If you use the wine box method make sure you drink the wine first!

    Best of luck

    pentaxuser
     
  10. srs5694

    srs5694 Member

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    For hobbyist or small-volume users, and especially for somebody who's just starting out, I disagree with this recommendations. It'll be simpler and easier to learn to dilute it 1+1 or greater and use it one-shot -- that is, throw away the used developer. That way you don't need to worry about increasing development times after each re-use, which simplifies the process and makes for greater consistency for learning purposes.

    OTOH, different developer dilutions produce slightly different results, and it's conceivable that you (that is, Edimilson) will prefer the results undiluted. There's no way of knowing this starting out, though, so IMHO it's better to stick with the simpler procedure for the sake of simplicity when learning. You can experiment with different dilutions later, and if you like full-strength results, change your procedure at that time.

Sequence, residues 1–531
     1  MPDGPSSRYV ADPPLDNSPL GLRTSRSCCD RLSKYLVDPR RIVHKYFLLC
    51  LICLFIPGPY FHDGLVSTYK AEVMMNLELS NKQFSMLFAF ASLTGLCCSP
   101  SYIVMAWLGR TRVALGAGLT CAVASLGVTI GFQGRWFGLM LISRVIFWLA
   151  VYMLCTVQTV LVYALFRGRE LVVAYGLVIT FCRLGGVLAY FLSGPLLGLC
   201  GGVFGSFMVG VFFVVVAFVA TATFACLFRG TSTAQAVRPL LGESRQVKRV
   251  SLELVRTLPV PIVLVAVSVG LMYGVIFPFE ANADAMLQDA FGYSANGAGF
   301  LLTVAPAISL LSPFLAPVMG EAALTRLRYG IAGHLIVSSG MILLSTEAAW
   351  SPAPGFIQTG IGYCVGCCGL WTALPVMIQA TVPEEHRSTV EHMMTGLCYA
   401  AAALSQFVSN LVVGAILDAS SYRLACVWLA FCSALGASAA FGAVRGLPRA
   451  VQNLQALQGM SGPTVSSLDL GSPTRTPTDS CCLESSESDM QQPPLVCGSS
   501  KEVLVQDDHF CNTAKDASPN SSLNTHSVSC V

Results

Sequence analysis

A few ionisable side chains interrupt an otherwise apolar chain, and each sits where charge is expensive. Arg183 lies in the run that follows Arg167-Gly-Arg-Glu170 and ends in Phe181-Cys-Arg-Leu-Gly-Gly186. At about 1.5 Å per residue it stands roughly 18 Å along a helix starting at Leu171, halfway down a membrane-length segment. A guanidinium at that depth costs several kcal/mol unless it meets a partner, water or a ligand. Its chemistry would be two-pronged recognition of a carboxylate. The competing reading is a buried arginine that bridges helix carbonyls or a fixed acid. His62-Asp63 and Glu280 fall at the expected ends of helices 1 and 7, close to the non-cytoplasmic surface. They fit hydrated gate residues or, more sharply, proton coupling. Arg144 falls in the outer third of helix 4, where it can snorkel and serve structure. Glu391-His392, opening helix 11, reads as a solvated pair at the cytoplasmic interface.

11. Stuggi

    Stuggi Member

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    A nifty way for storing ID-11 (and any other developer or chemical for that matter) is to get 'em brown glass bottles from a pharmacy, they are really cheap (cheaper than ANY bottles meant for storing darkroom chemicals in) and they are ten times better for storing chemicals, the bottle caps are chemical resistant and you can store any numbers of chemicals in them (the pharmacy that sold mine told me that they store HCl and HF in the same bottles, so developer should have the same effect as water on them).
     
  12. tbm

    tbm Member